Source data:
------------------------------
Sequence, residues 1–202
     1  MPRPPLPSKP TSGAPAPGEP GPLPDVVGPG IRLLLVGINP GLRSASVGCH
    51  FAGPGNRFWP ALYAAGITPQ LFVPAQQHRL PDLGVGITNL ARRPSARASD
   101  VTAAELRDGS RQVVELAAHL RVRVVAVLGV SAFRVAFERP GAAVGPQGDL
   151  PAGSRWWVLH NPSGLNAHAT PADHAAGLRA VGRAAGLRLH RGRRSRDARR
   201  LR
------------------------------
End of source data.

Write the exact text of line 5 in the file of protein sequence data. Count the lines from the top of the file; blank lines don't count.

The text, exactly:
   151  PAGSRWWVLH NPSGLNAHAT PADHAAGLRA VGRAAGLRLH RGRRSRDARR